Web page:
Wrought iron

Iron objects of great age are much rarer than objects made of gold or silver due to the ease of corrosion of iron. Beads made of meteoric iron in 3500 B.C. or earlier were found in Gerzah, Egypt by G. A. Wainwright. The beads contain 7.5% nickel, which is a signature of meteoric origin since iron found in the Earth’s crust has very little to no nickel content. Meteoric iron was highly regarded due to its origin in the heavens and was often used to forge weapons and tools or whole specimens placed in churches. Items that were likely made of iron by Egyptians date from 2500 to 3000 BC. Iron had a distinct advantage over bronze in warfare implements. It was much harder and more durable than bronze, although susceptible to rust. However, this is contested. Hittitologist Trevor Bryce argues that before advanced iron-working techniques were developed in Europe and India, cast-iron weapons used by early Mesopotamian armies had a tendency to shatter in combat, due to their high carbon content.

The first iron production started in the Middle Bronze Age but it took several centuries before iron displaced bronze. Samples of smelted iron from Asmar, Mesopotamia and Tall Chagar Bazaar in northern Syria were made sometime between 2700 and 3000 BC. The Hittites appear to be the first to understand the production of iron from its ores and regard it highly in their society. They began to smelt iron between 1500 and 1200 BC and the practice spread to the rest of the Near East after their empire fell in 1180 BC.The subsequent period is called the Iron Age. Iron smelting, and thus the Iron Age, reached Europe two hundred years later and arrived in Zimbabwe, Africa by the 8th century.

Cast iron

Cast iron was first produced in China about 550 BC, but was hardly in Europe until the medieval period. During the medieval period, means were found in Europe of producing wrought iron from cast iron (in this context known as pig iron) using finery forges. For all these processes, charcoal was required as fuel.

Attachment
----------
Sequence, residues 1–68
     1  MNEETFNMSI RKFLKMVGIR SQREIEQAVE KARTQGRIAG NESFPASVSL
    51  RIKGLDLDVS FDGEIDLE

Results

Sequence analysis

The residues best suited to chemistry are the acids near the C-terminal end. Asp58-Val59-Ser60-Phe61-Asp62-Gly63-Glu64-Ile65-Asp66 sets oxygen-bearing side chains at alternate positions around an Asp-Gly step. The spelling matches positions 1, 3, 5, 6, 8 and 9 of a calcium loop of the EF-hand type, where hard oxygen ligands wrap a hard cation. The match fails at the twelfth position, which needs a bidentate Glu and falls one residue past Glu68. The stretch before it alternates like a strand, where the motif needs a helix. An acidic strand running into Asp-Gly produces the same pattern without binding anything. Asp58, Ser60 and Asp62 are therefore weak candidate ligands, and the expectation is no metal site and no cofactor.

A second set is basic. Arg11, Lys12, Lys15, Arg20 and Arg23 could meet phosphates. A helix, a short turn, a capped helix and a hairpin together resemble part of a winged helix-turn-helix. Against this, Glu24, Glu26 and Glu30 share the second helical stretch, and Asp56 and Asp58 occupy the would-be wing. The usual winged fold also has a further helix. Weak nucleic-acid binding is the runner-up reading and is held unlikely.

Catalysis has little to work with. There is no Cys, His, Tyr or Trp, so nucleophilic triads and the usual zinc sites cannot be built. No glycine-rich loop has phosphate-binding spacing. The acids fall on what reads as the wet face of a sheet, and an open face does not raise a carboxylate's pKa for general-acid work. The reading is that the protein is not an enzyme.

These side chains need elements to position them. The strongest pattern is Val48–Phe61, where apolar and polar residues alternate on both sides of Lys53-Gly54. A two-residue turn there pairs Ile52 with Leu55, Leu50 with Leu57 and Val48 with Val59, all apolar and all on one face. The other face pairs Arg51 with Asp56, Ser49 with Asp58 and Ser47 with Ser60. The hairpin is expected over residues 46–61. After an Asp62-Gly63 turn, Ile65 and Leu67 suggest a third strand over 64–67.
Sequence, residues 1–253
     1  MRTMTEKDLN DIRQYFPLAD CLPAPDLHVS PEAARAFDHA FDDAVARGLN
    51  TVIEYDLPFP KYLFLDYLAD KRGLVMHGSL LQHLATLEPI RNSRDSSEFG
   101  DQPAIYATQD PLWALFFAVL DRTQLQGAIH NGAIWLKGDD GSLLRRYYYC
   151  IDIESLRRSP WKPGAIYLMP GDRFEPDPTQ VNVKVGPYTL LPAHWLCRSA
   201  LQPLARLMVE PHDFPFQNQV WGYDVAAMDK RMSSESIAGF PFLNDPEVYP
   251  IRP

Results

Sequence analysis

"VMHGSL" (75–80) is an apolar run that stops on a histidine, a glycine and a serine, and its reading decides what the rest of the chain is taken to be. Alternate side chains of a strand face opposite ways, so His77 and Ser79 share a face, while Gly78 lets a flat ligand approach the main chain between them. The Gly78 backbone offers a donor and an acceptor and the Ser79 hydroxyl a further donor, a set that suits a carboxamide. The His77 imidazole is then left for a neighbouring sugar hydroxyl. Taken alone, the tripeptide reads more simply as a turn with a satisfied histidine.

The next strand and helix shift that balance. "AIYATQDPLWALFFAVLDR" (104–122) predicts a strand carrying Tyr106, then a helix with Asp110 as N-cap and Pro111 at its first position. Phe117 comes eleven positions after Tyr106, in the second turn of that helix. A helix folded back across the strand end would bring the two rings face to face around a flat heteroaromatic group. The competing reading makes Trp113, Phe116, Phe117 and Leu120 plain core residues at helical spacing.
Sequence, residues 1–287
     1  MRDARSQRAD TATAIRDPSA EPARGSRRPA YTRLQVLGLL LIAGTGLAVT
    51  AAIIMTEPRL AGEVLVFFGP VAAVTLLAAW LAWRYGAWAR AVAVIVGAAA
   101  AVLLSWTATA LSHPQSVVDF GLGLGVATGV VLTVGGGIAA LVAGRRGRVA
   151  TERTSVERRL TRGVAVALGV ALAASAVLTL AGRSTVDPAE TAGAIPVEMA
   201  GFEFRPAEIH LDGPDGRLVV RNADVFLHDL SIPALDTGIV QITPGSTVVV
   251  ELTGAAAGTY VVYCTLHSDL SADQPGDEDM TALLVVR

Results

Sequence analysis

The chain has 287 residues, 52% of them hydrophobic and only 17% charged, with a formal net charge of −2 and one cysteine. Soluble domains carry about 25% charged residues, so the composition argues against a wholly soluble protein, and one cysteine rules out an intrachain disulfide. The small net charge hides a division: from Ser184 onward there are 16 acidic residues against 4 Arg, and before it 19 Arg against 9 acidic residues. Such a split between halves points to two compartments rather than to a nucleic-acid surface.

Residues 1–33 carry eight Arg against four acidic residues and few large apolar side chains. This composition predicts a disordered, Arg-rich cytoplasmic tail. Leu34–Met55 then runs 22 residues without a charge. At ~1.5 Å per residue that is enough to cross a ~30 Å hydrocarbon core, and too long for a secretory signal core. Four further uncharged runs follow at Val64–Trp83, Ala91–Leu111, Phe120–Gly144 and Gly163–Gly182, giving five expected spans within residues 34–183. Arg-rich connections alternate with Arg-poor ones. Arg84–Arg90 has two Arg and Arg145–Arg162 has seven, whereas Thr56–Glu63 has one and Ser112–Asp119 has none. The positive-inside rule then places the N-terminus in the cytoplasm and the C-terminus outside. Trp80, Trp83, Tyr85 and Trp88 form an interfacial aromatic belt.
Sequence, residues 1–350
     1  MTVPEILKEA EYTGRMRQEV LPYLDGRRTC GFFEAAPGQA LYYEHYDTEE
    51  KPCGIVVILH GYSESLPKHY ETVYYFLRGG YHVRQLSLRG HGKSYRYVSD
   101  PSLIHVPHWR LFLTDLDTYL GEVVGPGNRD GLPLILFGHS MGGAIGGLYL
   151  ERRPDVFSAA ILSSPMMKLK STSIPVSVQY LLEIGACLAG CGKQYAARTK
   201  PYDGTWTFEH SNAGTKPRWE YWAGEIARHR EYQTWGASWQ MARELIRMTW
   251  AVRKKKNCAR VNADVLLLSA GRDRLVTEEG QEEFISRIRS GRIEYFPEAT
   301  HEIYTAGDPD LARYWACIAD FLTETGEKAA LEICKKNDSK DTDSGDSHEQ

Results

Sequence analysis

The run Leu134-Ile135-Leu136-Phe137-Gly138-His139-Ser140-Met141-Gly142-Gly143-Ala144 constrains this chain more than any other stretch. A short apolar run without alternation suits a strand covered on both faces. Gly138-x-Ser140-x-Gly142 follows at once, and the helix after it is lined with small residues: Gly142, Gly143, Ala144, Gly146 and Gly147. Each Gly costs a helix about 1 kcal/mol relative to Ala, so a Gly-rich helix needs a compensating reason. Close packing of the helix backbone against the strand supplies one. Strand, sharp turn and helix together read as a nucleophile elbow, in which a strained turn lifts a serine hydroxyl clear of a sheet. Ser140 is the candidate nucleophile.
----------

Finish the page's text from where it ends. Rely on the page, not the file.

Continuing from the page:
Medieval blast furnaces were about 10 feet (3.0 m) tall and made of fireproof brick; forced air was usually provided by hand-operated bellows. Modern blast furnaces have grown much bigger.In 1709, Abraham Darby I established a coke-fired blast furnace to produce cast iron. The ensuing availability of inexpensive iron was one of the factors leading to the Industrial Revolution. Toward the end of the 18th century, cast iron began to replace wrought iron for certain purposes, because it was cheaper. Carbon content in iron wasn’t implicated as the reason for the differences in properties of wrought iron, cast iron and steel until the 18th century. Since iron was becoming cheaper and more plentiful, it also became a major structural material following the building of the innovative first iron bridge in 1778.


Steel (with smaller carbon content than pig iron but more than wrought iron) was first produced in antiquity by using a bloomery. Blacksmiths in Luristan in western Iran were making good steel by 1000 BC. Then improved versions, Wootz steel by India and Damascus steel by China were developed around 300 B.C. and 500 A.D. respectively. These methods were specialized, and so steel did not become a major commodity until the 1850s.

New methods of producing it by carburizing bars of iron in the cementation process were devised in the 17th century AD. In the Industrial Revolution, new methods of producing bar iron without charcoal were devised and these were later applied to produce steel. In the late 1850s, Henry Bessemer invented a new steelmaking process, involving blowing air through molten pig iron, to produce mild steel. This made steel much more economical, thereby leading to wrought iron no longer being produced.